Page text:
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wood1

[woo d] /wʊd/
noun
1.
the hard, fibrous substance composing most of the stem and branches of a tree or shrub, and lying beneath the bark; the xylem.
2.
the trunks or main stems of trees as suitable for architectural and other purposes; timber or lumber.
3.
4.
the cask, barrel, or keg, as distinguished from the bottle:
aged in the wood.
5.
woodblock (def 1).
6.
Music.
  1. a woodwind instrument.
  2. the section of a band or orchestra composed of woodwinds.
7.
Often, woods. (used with a singular or plural verb) a large and thick collection of growing trees; a grove or forest:
They picnicked in the woods.
8.
Golf. a club with a wooden head, as a driver, brassie, spoon, or baffy for hitting long shots.
Compare iron (def 5).
adjective
9.
made of wood; wooden.
10.
used to store, work, or carry wood:
a wood chisel.
11.
dwelling or growing in woods:
wood bird.
verb (used with object)
12.
to cover or plant with trees.
13.
to supply with wood; get supplies of wood for.
verb (used without object)
14.
to take in or get supplies of wood (often followed by up):
to wood up before the approach of winter.
Idioms
15.
have the wood on, Australian Slang. to have an advantage over or have information that can be used against.
16.
knock on wood, (used when knocking on something wooden to assure continued good luck):
The car's still in good shape, knock on wood.
Also, especially British, touch wood.
17.
out of the woods,
  1. out of a dangerous, perplexing, or difficult situation; secure; safe.
  2. no longer in precarious health or critical condition; out of danger and recovering.
Origin
900
before 900; Middle English; Old English wudu, earlier widu; cognate with Old Norse vithr, Old High German witu, Old Irish fid
Related forms
woodless, adjective
Synonyms
7. See forest.

wood2

[woo d] /wʊd/
adjective, Archaic.
1.
wild, as with rage or excitement.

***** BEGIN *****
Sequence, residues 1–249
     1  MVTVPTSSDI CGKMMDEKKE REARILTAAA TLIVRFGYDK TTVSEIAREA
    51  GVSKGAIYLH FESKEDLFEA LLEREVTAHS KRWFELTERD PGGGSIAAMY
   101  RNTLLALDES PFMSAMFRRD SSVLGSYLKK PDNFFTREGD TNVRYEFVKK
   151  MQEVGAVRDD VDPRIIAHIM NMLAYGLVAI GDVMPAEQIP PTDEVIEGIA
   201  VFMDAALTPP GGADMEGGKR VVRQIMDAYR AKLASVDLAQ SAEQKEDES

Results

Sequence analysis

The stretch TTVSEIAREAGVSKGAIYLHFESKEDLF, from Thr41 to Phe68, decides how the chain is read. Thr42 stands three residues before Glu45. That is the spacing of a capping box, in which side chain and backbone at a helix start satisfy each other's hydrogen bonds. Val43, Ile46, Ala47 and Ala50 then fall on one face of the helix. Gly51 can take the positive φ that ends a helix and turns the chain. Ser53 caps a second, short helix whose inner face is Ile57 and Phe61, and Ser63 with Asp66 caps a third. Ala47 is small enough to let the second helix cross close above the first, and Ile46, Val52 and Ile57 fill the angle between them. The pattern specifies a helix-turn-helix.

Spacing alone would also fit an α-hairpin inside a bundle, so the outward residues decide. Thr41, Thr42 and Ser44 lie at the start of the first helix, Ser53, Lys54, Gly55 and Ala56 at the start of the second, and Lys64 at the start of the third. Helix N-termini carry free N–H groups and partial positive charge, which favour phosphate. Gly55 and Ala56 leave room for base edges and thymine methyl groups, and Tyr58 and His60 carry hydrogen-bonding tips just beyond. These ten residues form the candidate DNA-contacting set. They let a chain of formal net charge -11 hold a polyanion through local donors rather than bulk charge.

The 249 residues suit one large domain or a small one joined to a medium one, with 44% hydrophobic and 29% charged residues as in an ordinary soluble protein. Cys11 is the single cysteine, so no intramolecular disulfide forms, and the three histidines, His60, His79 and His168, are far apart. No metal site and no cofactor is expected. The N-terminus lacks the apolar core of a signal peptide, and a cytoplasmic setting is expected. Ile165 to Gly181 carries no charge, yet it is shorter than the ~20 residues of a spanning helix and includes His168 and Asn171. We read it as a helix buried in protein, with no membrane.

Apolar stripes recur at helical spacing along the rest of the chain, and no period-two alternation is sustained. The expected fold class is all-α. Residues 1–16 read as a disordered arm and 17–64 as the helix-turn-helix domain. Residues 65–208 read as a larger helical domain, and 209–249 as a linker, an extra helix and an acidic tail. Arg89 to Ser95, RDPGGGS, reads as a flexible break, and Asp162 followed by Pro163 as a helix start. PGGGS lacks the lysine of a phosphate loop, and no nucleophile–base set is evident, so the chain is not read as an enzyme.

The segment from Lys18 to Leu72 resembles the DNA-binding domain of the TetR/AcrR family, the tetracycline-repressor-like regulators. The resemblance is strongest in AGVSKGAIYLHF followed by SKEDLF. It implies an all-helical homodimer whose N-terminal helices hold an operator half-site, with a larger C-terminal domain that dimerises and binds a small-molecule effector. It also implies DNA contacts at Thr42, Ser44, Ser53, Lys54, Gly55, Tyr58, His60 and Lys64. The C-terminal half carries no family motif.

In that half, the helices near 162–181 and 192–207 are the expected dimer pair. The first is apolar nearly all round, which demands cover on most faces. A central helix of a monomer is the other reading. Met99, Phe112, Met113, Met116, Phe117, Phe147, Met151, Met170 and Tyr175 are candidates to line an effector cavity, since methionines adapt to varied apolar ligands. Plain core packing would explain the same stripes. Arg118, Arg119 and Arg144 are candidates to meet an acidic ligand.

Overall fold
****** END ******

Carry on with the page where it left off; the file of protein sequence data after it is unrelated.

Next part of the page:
2.
mad; insane.
Origin
before 900; Middle English; Old English wōd; cognate with Old Norse ōthr; akin to German Wut rage, Old English wōth song

Wood

[woo d] /wʊd/
noun
1.
Grant, 1892–1942, U.S. painter.
2.
Leonard, 1860–1927, U.S. military doctor and political administrator.
Dictionary.com Unabridged
Based on the Random House Dictionary, © Random House, Inc. 2014.
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Examples from the web for wood
  • wood clearly isn't a part of their target population.
  • Cellulose is a major component of for example wood and cotton.
  • Made of wood and rawhide, these traditional snowshoes go back to prehistory.
  • With each stroke, his hands and arms struck the jagged wood strewn through the water, while his injured leg dragged along behind.
  • Make display frames out of wood remnants and celebrate small plants as living art.
  • At first, it's odd, hopping on a bike frame made entirely of wood.
  • So he went to his workshop and made a dozen sets out of wood.
  • Much of what wood floors require is inherently non-toxic because it doesn't involve any cleaning products.
  • Replacing wood and coal with electricity could help reduce poverty and pollution.
  • Dendrochronology can reveal when the tree was felled by counting the number of rings in the wood.
British Dictionary definitions for wood

wood1

/wʊd/
noun
1.
the hard fibrous substance consisting of xylem tissue that occurs beneath the bark in trees, shrubs, and similar plants related adjectives ligneous xyloid
2.
the trunks of trees that have been cut and prepared for use as a building material
3.
a collection of trees, shrubs, herbs, grasses, etc, usually dominated by one or a few species of tree: usually smaller than a forest: an oak wood, related adjective sylvan
4.
fuel; firewood
5.
(golf)
  1. a long-shafted club with a broad wooden or metal head, used for driving: numbered from 1 to 7 according to size, angle of face, etc
  2. (as modifier): a wood shot
6.
(tennis, squash, badminton) the frame of a racket: he hit a winning shot off the wood
7.
one of the biased wooden bowls used in the game of bowls
8.
(music) short for woodwind See also woods (sense 3)
9.
  1. casks, barrels, etc, made of wood
  2. from the wood, (of a beverage) from a wooden container rather than a metal or glass one
10.